Cohabitees

The rights of unmarried couples are not as protected as they are for married couples.

If you are not married you may still have to deal with financial issues after your separation because, for example, property which you own jointly with your partner. If you and your partner are not able to decide what is to happen to any joint property then you can ask the court to decide. You might wish to argue that you should receive more of the sale proceeds because you paid the deposit or made a greater contribution to the purchase price, or paid part or the entire mortgage.

It is important to keep details of any payments you make as you will need to prove you have made these in order to establish your interest in the property. The court can decide how much your stake in the property is worth. The court can make orders to restrict or exclude one partner from occupying the property. Or set conditions that the person remaining in the property pay all the bills and other expenses, or take over any responsibilities connected to the property. If you cannot establish any interest in the property, but you have children, then you may be able to apply on the children’s behalf for a share of the property. This application can be made under the Children Act 1989. Orders can be made against your partner. This includes orders to transfer the property from your partner to you as the parent who is caring for the child or children.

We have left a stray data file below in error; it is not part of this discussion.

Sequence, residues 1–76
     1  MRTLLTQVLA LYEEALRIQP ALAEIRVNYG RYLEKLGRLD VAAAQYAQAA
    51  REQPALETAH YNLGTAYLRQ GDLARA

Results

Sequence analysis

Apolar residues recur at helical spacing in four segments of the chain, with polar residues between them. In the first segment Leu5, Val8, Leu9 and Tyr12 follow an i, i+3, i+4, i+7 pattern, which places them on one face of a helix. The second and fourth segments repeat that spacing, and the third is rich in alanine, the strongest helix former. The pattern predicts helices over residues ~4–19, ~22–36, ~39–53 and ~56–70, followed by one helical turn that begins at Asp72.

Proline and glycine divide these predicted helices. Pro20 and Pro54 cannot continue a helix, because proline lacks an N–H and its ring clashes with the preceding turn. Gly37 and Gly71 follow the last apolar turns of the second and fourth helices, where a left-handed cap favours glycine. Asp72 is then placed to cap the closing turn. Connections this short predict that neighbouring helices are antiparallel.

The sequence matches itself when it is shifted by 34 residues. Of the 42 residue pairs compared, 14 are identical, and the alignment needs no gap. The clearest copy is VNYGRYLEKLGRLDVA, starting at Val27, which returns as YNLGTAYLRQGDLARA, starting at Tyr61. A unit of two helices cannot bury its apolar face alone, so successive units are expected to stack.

Under the Law Reform (Miscellaneous Provisions) Act 1970 an engaged couple who separate will have the protection of any law which relates to the property rights of husband and wives. All you need to show is that there was an “agreement to marry” and that this agreement has been broken. This is a complex area of the law and our work in this area will always focus on resolving all issues with sensitivity and discretion.

Please contact us to discuss your personal situation.

We are experienced in advising on and preparing ‘Living Together’ documents.